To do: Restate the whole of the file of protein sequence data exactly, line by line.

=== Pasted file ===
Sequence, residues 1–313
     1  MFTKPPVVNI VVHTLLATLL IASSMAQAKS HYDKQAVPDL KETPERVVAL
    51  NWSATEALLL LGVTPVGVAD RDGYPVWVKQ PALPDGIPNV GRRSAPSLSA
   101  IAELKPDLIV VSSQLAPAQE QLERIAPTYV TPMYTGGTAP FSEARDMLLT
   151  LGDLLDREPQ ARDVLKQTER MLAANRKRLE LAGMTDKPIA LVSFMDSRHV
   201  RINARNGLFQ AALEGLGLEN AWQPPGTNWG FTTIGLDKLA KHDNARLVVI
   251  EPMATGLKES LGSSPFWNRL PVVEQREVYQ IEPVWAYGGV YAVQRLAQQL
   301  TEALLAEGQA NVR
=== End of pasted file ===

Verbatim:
Sequence, residues 1–313
     1  MFTKPPVVNI VVHTLLATLL IASSMAQAKS HYDKQAVPDL KETPERVVAL
    51  NWSATEALLL LGVTPVGVAD RDGYPVWVKQ PALPDGIPNV GRRSAPSLSA
   101  IAELKPDLIV VSSQLAPAQE QLERIAPTYV TPMYTGGTAP FSEARDMLLT
   151  LGDLLDREPQ ARDVLKQTER MLAANRKRLE LAGMTDKPIA LVSFMDSRHV
   201  RINARNGLFQ AALEGLGLEN AWQPPGTNWG FTTIGLDKLA KHDNARLVVI
   251  EPMATGLKES LGSSPFWNRL PVVEQREVYQ IEPVWAYGGV YAVQRLAQQL
   301  TEALLAEGQA NVR